Sunday, December 6, 2009

Political theory: Notes on the meaning of Guizot

Lecture 18 (p. 359) – wants to know about the division of legislative power.
- The philosophical school and the “other” school of thought
- Guizot has a “these people are stupid,” attitude towards what others are doing in history and philosophical
o What is it the philosophical school lacks that history has?
§ History has facts.
§ Guizot likes facts because what happened always happened, and the knowledge doesn’t change about the facts.
§ But facts by themselves are meaningless because you need a frame of reference to understand the facts.
§ Philisophical school is correct in using the Right as its end but also as its starting point
- What is Guizot’s problem with Rousseau?
o Rousseau is almost right
o Rousseau says that everyone has certain rights that cannot be restricted and that cannot be taken away
o Rousseau then says that the whole point of having certain rights that cannot be restricted means that people always give their consent to being governed.
o Guizot says - this is almost right
o He says that some people believe in representation, and since you voted for people who represent you, you have to accept everything they do –
§ Is this a good idea? No. Why? Just because you delegated things to someone, doesn’t mean that you have to like what they are doing – you need to hold them accountable.
§ Guizot says there are two things about representation: either the person who is elected is the slave to the electorate; or the electorate is the slave to the representative.
§ These won’t work – and so there is a problem with this because it takes away the will of someone.
§ Chapter 6, 7, and 8 of Part 1 – wants to divide things up
· Says that classifying things according to their external forms (government by the many, the few or the one) is error because sovereignty always belongs to some of the people, but not all of the people.
· P. 52 – ‘The classification which I am about to present……do not belong to our imperfect nature.” What is good for society isn’t always the thing that is done, because sometimes you may not do it because you don’t want to, or may not know what it is. So how do you make this thing into a principle of government? So that people put the needs of the society above the needs of the one?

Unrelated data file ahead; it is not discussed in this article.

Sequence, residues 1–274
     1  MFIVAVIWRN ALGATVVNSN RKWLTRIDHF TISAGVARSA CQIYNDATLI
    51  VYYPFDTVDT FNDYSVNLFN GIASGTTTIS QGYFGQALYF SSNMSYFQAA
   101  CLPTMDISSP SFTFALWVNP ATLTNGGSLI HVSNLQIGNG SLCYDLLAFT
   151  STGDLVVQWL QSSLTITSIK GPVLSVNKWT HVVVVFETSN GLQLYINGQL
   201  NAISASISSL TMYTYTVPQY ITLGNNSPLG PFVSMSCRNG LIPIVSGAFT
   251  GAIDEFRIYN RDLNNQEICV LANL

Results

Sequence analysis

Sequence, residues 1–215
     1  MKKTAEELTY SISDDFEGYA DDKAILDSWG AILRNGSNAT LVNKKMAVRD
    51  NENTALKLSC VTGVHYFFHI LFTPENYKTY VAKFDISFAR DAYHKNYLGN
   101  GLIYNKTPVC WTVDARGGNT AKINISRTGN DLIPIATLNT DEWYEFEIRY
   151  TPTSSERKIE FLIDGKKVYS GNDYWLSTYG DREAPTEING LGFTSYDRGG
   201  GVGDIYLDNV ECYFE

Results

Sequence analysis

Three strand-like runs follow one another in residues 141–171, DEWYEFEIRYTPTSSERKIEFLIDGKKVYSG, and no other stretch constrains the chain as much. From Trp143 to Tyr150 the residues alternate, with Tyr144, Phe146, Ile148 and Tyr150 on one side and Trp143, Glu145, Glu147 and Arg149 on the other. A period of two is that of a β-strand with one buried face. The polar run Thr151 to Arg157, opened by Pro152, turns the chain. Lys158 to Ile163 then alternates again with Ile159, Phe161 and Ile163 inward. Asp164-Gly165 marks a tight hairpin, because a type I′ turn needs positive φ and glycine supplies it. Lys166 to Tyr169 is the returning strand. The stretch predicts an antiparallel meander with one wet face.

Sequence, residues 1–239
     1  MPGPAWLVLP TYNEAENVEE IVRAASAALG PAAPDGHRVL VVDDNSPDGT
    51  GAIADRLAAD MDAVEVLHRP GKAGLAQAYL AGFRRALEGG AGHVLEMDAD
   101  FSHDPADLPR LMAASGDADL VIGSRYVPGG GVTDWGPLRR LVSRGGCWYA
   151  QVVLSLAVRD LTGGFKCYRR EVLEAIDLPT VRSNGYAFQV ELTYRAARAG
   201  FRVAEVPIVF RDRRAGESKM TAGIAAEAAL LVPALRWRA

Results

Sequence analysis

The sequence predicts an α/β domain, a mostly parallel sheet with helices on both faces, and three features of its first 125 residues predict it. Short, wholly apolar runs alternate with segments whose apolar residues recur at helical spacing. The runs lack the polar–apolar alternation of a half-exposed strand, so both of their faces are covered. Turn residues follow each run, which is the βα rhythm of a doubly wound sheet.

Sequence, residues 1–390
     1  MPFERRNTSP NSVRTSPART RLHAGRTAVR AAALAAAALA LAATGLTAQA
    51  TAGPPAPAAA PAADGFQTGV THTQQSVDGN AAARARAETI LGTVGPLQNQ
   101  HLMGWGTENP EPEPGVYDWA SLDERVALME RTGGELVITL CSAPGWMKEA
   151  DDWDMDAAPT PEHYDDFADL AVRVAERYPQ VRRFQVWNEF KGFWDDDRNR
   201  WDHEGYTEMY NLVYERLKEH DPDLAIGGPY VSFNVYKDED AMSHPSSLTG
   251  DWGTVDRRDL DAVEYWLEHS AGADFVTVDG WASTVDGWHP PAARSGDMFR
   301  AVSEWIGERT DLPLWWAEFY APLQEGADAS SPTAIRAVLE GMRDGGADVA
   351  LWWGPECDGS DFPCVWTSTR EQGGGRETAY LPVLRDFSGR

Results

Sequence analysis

o Pg. 53 – “Representative Government is….”
o Guizot says that having one republic is best – so England is the best example.
o There was no getting together in the woods to discern a social contract; instead something else happens
- Guizot’s history of England doesn’t start with the history of England – it starts with William the Conquerer who founded England and had the Tories (authority and tradition) and the Wicks (liberty); Tory – all power was vested in the King by God, and so even though the king has been letting things go, we should give him power.
- William doesn’t get all the power when he conquers - You had 2 people who were barbarians, but who had institutions that lasted for 100’s of years (the Normans)
- There is a division among aristocrats – some of them become rich and powerful and surround the king; some of them stay on their local turf because they are weaker.
- History is not the history of everyone, it is the history of actors (people who influence society on the political stage) – and most people are not actors because they don’t have freedom (politically or economically) and they are not doing anything. Free people require economic interests – if you are weak, you cannot resist.
- The barons – the rich aristocrats – want the kings to sign charters because the kings are abusing the barons. And the barons get the kings to sign the charters because they steal their sons, etc…..then when the barons leave the king ignores the charters…then the barons come back and get him to sign another charter….then the king ignores it…
- This history shows (for Guizot) that England went from a balanced power to an absolute king, then to trying to fix the problem…………so you can see from above, that there needs to be power to force the king to enforce the charters instead of doing things in an ad hoc fashion.